13. real estate ways to invest • Buy a house, live in it, and sell it later at a profit. • Buy income property (such as an apartment house or a commercial building) and rent it. • Buy land and hold it until it rises in value. advantages • Excellent protection against inflation. disadvantages • Can be difficult to convert into cash. • A specialized type of investment requiring study and knowledge of business. capital gains: profits from the sale of a capital asset such as stocks, bonds, or real estate. These profits are tax-deferred; you do not have to pay the tax on these profits until the asset is sold. Long-term capital gains occur on investments held more than 12 months. Short term capital gains occur on investments held less than 12 months. Teens – Lesson 12 - Slide 12-L

  14. retirement plans what they are and how they work • Plans that help individuals set aside money to be used after they retire. • Federal income tax not immediately due on money put into a retirement account, or on the interest it makes. • Income tax paid when money is withdrawn. • Penalty charges apply if money is withdrawn before retirement age, except under certain circumstances. • Income after retirement is usually lower, so tax rate is lower. types Individual Retirement Account (IRA) • Allows a person to contribute up to $2,000 of earnings per year. Contributions can be made in installments or in a lump sum. Roth IRA (also called the IRA Plus) • While the $2,000 annual contribution to this plan is not tax deductible, the earnings on the account are tax-free after five years. The funds from the Roth IRA may be withdrawn after age 59, if the account owner is disabled, for educational expenses, or for the purchase of a first home. 401(k) • Allows a person to contribute to a savings plan from his or her pre-tax earnings, reducing the amount of tax that must be paid. Employer matches contributions up to a certain level. Keogh Plan • Allows a self-employed person to set aside up to 15% of income (but not more than $35,000 per year). Teens – Lesson 12 - Slide 12-M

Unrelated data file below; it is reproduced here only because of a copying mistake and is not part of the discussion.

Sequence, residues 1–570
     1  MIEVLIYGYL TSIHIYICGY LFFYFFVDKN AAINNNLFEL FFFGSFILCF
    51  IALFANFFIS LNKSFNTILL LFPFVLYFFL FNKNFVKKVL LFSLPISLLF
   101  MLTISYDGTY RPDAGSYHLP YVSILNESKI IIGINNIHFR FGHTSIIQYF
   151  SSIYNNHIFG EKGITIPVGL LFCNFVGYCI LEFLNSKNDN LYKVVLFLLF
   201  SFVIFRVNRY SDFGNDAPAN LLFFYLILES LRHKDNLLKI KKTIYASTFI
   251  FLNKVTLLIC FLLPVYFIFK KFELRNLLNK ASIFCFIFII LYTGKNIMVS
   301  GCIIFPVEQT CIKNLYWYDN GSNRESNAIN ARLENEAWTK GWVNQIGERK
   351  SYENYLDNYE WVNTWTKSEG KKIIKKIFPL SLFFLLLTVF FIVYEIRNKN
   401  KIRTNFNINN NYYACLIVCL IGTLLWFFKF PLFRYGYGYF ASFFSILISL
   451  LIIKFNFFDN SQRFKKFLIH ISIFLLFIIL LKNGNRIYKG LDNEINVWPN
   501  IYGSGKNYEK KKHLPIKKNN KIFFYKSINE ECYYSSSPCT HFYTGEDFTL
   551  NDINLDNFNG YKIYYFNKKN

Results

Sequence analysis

15. IRAs – an example of a return on investment contributions made only between ages of 22–30 (9 years) • $2,000 contributed each year • Total investment of $18,000 • At an interest rate of 9%, by age 65 will have $579,471 contributions made only between ages of 31–65 (35 years) • $2,000 made contributed each year • Total investment of $70,000 • At an interest rate of 9%, by age 65 will have $470,249 Teens – Lesson 12 - Slide 12-N

  16. comparing savings and investment plans Teens – Lesson 12 - Slide 12-O

  17. avoid investment fraud each year billions of dollars are lost to fraudulent investments. Some of the most common include: • Illegal pyramids, insider trading, and unlicensed investment brokers • High-risk “penny” stocks and fraudulent securities • Fraudulent franchises and business opportunities • Internet services, 900-numbers, and high-tech investments promising high profits and minimal risk • Opportunities to invest in movie deals and other entertainment ventures with promises of guaranteed profits and failure to disclose risk to protect yourself from becoming a victim of investment fraud, take the following actions: • Become informed about investments and industries before investing • Talk with others who have made similar investments • Obtain information from state and federal regulatory agencies • Never buy over the phone without first investigating the situation • Avoid investment opportunities promising large returns in a short amount of time that seem “too good to be true”—they probably are! For additional information, contact the following Web sites: www.ftc.gov; www.fraud.org; www.sec.gov; www.nasaa.org Teens – Lesson 12 - Slide 12-P